Accessing proper health care can be a tough fight for America’s veterans. Those living with a rare disease called amyloidosis provide a telling example.
Hereditary transthyretin amyloidosis can be cardiac, causing symptoms like shortness of breath and fatigue. The disease can also be neurologic, causing tingling, numbness and loss of movement control. Because amyloidosis is rare and has a range of symptoms, it can take time to diagnose. When veterans and their health care providers finally identify amyloidosis, they are eager to begin treatment.
VA coverage policies, however, can hamper those plans.
While different FDA-approved medications exist for the different types of the disease, the VA directs all hereditary transthyretin amyloidosis patients to a single drug. That’s the oral medication designed for people with a cardiac presentation of the disease.
For those who have cardiac amyloidosis, this may be fine – at least in theory. But certain VA centers offer the medication only in the lowest dosage. For some patients, that’s not enough.
Meanwhile, the cardiac medication is probably not the best treatment for veterans with neurologic amyloidosis. Nevertheless, the VA’s policy requires patients to try it for nine months unsuccessfully before they can access an infused medication that’s designed for their neurologic symptoms.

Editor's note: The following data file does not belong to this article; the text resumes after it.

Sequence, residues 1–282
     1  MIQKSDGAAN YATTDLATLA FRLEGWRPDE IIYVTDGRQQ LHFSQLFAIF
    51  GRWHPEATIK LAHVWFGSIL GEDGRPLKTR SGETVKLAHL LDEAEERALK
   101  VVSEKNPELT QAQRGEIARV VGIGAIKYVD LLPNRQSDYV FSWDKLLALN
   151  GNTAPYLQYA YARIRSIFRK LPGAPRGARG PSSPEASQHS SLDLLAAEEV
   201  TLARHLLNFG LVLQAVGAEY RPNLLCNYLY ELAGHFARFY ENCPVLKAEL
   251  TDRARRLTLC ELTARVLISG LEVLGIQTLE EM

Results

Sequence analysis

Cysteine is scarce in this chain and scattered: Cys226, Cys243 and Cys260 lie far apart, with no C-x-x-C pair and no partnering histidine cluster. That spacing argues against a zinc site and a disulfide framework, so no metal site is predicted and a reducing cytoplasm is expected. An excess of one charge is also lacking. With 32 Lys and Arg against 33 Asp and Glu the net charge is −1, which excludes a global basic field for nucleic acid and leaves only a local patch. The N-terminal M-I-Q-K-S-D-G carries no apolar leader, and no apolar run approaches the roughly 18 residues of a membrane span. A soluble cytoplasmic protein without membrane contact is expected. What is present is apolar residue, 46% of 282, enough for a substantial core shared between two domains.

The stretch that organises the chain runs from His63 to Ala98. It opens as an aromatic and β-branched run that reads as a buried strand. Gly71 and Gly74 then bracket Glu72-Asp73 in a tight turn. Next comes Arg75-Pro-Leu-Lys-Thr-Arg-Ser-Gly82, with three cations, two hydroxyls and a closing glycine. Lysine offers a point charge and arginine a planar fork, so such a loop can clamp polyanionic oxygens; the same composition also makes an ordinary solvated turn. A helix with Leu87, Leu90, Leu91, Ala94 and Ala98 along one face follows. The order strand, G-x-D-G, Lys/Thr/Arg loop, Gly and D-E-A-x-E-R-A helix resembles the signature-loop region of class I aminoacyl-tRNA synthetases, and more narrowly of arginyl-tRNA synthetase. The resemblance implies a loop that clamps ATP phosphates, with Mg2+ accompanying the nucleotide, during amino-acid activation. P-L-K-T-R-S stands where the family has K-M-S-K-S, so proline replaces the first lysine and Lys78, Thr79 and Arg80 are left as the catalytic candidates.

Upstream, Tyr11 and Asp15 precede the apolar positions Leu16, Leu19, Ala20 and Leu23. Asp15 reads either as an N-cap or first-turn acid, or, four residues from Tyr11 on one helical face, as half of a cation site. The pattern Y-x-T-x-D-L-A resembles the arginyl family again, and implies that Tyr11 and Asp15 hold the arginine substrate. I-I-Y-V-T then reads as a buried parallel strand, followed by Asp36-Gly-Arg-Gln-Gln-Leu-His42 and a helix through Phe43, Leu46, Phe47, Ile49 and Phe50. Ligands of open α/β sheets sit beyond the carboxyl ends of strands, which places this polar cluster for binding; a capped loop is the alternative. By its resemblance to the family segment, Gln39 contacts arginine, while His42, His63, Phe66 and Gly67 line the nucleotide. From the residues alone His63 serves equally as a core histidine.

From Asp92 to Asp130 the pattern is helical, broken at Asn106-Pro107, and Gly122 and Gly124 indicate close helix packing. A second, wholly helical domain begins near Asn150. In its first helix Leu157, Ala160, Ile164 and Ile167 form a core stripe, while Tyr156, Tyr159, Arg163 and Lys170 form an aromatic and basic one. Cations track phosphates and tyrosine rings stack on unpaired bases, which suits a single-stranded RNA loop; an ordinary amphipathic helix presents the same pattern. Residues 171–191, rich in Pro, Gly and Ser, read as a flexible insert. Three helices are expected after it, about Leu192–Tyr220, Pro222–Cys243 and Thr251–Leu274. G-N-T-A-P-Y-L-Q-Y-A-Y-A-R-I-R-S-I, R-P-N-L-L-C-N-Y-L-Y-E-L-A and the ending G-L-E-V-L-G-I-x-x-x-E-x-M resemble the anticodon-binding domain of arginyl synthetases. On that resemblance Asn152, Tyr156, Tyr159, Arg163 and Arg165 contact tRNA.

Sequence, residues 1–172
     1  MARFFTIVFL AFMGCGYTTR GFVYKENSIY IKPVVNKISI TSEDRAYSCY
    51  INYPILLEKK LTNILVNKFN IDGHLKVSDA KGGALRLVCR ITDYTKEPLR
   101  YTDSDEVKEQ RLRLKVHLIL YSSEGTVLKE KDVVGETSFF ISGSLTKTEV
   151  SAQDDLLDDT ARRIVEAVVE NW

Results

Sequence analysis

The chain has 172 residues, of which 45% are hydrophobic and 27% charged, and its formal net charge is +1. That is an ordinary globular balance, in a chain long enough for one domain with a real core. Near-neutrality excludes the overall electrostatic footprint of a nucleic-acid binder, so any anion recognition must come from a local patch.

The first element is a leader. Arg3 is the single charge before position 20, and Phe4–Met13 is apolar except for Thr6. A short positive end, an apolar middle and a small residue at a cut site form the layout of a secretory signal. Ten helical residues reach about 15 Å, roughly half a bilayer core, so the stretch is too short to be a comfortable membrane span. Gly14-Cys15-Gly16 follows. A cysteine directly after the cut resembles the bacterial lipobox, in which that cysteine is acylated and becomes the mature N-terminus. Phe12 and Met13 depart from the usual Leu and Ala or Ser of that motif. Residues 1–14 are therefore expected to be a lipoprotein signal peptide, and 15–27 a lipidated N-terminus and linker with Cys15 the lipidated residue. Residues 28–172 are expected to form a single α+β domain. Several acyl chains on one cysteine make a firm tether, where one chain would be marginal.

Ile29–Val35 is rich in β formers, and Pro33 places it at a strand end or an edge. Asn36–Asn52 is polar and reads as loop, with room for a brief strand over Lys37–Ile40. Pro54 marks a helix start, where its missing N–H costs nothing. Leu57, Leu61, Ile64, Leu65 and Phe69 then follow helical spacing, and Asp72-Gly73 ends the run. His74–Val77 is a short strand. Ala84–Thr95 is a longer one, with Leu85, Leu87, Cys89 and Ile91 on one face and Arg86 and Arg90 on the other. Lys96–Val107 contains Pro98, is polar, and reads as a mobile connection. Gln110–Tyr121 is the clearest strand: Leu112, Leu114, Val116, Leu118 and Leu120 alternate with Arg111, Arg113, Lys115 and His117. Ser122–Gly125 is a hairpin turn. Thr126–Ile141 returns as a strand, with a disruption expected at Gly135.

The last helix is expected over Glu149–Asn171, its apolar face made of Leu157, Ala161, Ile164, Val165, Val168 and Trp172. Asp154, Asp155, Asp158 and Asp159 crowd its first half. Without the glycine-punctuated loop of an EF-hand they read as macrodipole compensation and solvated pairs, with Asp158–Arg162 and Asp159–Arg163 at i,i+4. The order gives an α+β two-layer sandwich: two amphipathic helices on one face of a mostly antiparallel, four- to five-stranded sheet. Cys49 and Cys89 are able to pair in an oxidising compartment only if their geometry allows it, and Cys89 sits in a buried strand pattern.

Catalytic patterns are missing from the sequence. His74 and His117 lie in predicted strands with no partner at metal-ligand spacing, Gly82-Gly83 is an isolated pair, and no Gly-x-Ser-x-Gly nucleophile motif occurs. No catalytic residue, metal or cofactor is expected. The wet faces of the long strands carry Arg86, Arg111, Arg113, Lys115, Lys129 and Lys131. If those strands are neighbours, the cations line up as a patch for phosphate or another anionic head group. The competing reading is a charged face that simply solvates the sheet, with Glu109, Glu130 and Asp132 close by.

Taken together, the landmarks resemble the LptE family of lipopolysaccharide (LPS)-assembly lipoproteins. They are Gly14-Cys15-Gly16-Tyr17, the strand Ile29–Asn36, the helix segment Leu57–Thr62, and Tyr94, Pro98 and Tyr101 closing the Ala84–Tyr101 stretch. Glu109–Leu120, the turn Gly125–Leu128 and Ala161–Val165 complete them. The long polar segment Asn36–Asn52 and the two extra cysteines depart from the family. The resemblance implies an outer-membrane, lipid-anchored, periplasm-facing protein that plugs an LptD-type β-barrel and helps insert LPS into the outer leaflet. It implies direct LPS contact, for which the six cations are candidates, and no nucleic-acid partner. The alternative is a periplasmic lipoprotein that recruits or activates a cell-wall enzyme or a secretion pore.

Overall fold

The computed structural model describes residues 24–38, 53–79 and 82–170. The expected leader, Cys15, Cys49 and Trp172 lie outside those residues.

This requirement, called “fail first,” is frustrating for patients and providers. And, because the disease is progressive, delays in effective treatment can cause irreversible harm to patients.
People with neurologic amyloidosis have another treatment option – an injected medication. But the VA does not have the treatment on its formulary of approved medications. To provide the medication to a patient, a health care provider must collaborate with the VA site pharmacist to complete what’s known as a non-formulary request.
It’s yet another time-consuming process that delays treatment for veterans.
The VA system has been plagued by reports of long wait times and complaints of needed services being unavailable at convenient locations. In response, the VA launched a new program in 2019 to broaden veterans’ access to providers. The reforms did not address access to treatments, though. Improved medication access through the VA, along with recently updated diagnostic guidelines for the disease, could help shorten the path to treatment for veterans with hereditary transthyretin amyloidosis.
Veterans, like all patients, deserve the medication that fits their specific disease and symptoms. As America pauses to honor veterans this year, policymakers might reflect on how better access to health care is a fitting – and well deserved – gesture of gratitude.